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Prescriptions for Insomnia List

Updated on April 27, 2021


"There is a time for many words, and there is also a time for sleep.”
― Homer, The Odyssey

Most Americans, myself included, get less than the recommended 7.5 - 8.5 hours of sleep per night, according to surveys conducted by Johns Hopkins Sleep Disorder Center. The glories of a good night's sleep, of which Homer wrote above, often must be sacrificed to the duties of working, parenting, or other urgent responsibilities. But for many people, the inability to sleep has nothing to do with schedules or responsibilities. They suffer from a condition known as "insomnia." In this article I want to address specifically the prescription drugs used to treat insomnia today.


Before I provide you with a review of all the prescriptions for insomnia on the market today, we should briefly define "insomnia" and explain a few facts about this condition.

Insomnia, by definition, means "without sleep", and comes from the Latin word "somnus" (sleep).  So insomnia is a condition which results in a lack of sleep, and can include difficulty falling asleep and/or staying asleep.  Somnus, by the way, was also the name of the Roman god of sleep.  The Greek equivalent to this god was named Hypnos.  Interestingly, in pharmacy we now use "hypnotics" to treat "insomnia."  Kind of like using one god to do battle with the other!

Insomnia can be generally divided into 2 types:

Primary Insomnia: This type of insomnia is not due to any other condition or "secondary" cause (like a crazy work schedule or a neighbor who decides to practice his drums at 2:00AM!).

Seconday Insomnia: This type of insomnia is a "result" (or side effect) of some other condition, illness, or medication.  For example, if you suffer from chronic back pain and therefore have difficulty sleeping, you have secondary insomnia.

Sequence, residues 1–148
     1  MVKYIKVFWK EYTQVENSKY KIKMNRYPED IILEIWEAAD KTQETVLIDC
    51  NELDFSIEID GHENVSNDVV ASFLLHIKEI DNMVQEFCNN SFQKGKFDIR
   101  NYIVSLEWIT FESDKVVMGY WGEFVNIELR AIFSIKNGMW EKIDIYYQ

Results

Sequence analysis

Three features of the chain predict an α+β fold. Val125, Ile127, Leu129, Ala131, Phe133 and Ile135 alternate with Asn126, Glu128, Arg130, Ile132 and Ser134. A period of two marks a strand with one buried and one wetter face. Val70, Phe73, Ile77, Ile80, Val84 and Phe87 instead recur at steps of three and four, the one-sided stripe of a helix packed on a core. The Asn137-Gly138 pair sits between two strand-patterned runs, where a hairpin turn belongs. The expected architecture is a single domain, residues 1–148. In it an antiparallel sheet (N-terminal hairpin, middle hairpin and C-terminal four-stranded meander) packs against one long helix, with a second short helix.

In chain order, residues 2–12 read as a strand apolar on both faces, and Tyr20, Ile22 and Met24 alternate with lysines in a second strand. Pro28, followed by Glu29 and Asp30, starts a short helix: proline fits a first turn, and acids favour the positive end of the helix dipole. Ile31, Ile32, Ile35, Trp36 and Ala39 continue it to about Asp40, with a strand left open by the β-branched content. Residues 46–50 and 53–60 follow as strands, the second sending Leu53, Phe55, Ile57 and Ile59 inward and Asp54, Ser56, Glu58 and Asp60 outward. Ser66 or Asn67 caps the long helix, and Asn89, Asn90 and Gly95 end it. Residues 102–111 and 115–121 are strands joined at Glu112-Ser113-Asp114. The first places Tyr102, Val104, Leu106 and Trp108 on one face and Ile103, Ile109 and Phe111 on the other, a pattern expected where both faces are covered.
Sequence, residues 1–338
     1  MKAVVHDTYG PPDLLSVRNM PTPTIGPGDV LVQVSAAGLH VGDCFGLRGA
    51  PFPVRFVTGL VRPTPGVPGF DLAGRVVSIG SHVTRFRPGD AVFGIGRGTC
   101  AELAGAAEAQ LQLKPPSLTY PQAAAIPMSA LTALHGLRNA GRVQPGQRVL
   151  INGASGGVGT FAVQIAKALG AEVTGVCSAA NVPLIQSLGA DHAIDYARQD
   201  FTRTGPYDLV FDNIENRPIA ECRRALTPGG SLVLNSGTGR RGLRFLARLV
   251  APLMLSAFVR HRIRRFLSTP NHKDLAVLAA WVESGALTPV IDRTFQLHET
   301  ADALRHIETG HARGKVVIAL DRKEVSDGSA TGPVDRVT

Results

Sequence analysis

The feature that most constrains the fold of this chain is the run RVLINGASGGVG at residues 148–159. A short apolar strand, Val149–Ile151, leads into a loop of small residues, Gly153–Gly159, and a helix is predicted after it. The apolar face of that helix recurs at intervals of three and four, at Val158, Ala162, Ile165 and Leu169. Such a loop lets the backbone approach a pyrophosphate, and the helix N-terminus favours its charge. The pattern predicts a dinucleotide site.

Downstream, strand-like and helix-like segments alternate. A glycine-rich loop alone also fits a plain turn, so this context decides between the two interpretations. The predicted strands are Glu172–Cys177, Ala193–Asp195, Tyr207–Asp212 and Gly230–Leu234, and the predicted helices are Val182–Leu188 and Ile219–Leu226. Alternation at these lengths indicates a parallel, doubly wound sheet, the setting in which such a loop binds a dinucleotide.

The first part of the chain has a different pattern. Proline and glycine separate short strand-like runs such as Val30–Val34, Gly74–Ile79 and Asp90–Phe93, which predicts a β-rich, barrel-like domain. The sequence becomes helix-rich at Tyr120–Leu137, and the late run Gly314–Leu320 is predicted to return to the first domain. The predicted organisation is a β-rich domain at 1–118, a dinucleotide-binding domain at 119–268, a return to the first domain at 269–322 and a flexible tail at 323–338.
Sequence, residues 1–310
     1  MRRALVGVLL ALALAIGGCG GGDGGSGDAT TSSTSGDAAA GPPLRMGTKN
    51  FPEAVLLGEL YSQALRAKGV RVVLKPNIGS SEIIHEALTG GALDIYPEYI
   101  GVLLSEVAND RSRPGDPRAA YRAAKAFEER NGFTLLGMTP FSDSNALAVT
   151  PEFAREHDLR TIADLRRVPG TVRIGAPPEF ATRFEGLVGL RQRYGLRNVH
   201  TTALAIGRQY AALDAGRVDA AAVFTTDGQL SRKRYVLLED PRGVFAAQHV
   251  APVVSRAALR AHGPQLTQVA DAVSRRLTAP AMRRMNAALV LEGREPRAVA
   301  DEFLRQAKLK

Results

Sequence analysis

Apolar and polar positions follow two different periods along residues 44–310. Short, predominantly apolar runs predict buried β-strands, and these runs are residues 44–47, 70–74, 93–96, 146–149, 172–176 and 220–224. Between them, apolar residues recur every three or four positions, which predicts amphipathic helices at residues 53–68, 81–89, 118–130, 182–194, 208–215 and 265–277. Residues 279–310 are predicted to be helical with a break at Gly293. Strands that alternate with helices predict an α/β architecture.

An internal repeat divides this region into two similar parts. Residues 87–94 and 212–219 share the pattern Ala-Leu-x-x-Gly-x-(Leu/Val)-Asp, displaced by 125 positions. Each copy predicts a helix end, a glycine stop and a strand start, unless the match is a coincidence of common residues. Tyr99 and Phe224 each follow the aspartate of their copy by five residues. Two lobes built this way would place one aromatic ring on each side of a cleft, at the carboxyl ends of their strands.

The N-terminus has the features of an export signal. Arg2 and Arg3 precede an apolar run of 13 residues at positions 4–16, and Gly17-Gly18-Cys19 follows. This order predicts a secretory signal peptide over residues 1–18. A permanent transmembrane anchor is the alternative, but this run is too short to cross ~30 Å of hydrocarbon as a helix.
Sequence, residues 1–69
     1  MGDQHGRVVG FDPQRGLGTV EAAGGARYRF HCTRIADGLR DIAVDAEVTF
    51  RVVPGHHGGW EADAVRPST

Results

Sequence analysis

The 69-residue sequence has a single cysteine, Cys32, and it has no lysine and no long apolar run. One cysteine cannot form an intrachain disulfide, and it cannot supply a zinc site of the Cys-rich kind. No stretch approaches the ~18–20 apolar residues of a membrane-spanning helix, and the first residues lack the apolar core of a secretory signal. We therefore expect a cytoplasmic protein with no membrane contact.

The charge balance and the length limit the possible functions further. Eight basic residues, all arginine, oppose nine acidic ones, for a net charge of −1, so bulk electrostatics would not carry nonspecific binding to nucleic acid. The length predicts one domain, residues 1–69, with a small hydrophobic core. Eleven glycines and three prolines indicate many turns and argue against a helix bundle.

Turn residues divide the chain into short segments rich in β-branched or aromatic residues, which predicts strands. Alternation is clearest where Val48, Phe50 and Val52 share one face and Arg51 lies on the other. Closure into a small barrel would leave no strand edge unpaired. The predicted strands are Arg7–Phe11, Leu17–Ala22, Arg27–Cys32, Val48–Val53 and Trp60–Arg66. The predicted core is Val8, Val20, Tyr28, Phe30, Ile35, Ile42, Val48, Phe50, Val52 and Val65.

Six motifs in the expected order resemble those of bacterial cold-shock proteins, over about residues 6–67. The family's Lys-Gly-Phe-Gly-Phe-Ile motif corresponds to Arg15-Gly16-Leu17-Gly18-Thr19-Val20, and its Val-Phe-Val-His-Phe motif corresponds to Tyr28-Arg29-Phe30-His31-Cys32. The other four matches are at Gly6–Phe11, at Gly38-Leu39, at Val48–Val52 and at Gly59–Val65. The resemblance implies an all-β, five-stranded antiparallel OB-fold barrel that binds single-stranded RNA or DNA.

Insomnia can also be categorized in terms for duration.  Short term (temporary) insomnia is known as "acute insomnia."  Insomnia that is long-term (generally longer than a month) is considered "chronic insomnia".


I will now provide you with a list of the most commonly prescribed prescriptions for insomnia. I am concentrating on medications available in the U.S. and available from your retail pharmacy. Prescription drugs for insomnia have been historically divided into 2 categories.

I. The FIRST catogory is "BENZODIAZEPINES." This family of prescription medications all have a similar mechanism of action, although they differ in some minor characteristics like how long they last and their relative potency (strength).

II. The SECOND category is called, not so creatievely, the "NON-BENZODIAZEPINES." Non-benzodiazepines are a newer group of drugs to treat insomnia, and generally have fewer side effects than those associated with their benzodiazepine relatives.

I will end this review with a few tips and suggestions of my own.  Free Advice! 


These are the 4 benzodiazepines for insomnia currently on the market. ALL of the following are also available generically. I will list their brand name in bold first, followed by the generic name in "( )."

  • Dalmane (flurazepam)
  • Halcion (triazolam)
  • Prosom (estazolam) - note, brand name product has been discontinued
  • Restoril (temazepam)

DOSING: These products are generally to be taken at bedtime and not sooner. Taking them too soon could result in unexpected drowsiness before you are actually ready for bed, and thus potentially lead to falling or other accidents. They typically begin to work with 15-30 minutes. So wait until you actually want to go to sleep to take them. Do not consume alcohol prior to (or after) taking benzodiazepines. This could lead to a dangerous degree of sedation, with the potential to even undermine your ability to breathe while sleeping. Don't do it. Also, since they cause drowsiness (of course!), you will not be able to safely drive until the effects are worn off (typically in 4-8 hours, depending on the product and your metabolism).

HOW THEY WORK: To understand how benzodiazepines work to treat insomnia we have to understand a little about a neurotransmitter called GABA (which stands for gamma-amino-butyric acid). GABA is not really as scary as it sounds. In fact, it is the neurostransmitter that basically tells the body "CHILL OUT!" (or "chillax" as my kids tell me). GABA helps relax muscles and relax your mind. Benzodiazepines work by enhancing the effects of GABA. They are, if you like, GABA's little helper. By helping GABA they increase the amount of relaxation and sedation caused by GABA...thus helping you fall asleep.

A few notes about these benzodiazepines:

  1. All of the above drugs are considered "controlled substances" by the FDA. This means they have some potential for addiction or abuse. They are considered "Schedule IV" which has a lesser potential for such problems than drugs in the Schedule III (like codeine) or Schedule II (like oxycodone). Because long-term use will produce dependence, they should not be stopped suddenly, in order to avoid withdrawl symptoms.